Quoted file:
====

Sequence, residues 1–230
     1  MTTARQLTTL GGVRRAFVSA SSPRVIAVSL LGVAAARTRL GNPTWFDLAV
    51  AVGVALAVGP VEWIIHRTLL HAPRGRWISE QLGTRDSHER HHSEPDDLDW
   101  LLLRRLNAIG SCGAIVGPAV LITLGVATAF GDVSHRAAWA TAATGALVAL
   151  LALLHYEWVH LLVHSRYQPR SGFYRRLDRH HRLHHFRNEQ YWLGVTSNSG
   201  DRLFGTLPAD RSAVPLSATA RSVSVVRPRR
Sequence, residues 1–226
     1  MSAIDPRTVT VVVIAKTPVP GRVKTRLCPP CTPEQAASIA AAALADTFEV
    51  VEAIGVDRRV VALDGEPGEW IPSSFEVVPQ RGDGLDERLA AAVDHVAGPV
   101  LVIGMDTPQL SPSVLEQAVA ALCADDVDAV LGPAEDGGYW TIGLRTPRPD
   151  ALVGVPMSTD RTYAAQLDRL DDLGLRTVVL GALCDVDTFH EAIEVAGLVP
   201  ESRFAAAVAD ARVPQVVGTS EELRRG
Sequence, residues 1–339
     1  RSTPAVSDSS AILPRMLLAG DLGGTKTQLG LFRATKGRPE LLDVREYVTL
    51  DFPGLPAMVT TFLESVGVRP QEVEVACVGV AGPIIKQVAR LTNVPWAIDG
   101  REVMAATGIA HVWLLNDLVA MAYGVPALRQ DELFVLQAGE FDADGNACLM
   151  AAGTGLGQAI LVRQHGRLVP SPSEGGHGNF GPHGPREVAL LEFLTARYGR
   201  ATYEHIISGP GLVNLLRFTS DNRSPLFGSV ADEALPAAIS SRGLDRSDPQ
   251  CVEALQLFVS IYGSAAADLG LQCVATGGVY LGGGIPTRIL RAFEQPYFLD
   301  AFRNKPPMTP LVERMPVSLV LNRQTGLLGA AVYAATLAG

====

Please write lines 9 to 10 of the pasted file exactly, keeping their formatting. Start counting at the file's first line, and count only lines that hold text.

    51  VEAIGVDRRV VALDGEPGEW IPSSFEVVPQ RGDGLDERLA AAVDHVAGPV
   101  LVIGMDTPQL SPSVLEQAVA ALCADDVDAV LGPAEDGGYW TIGLRTPRPD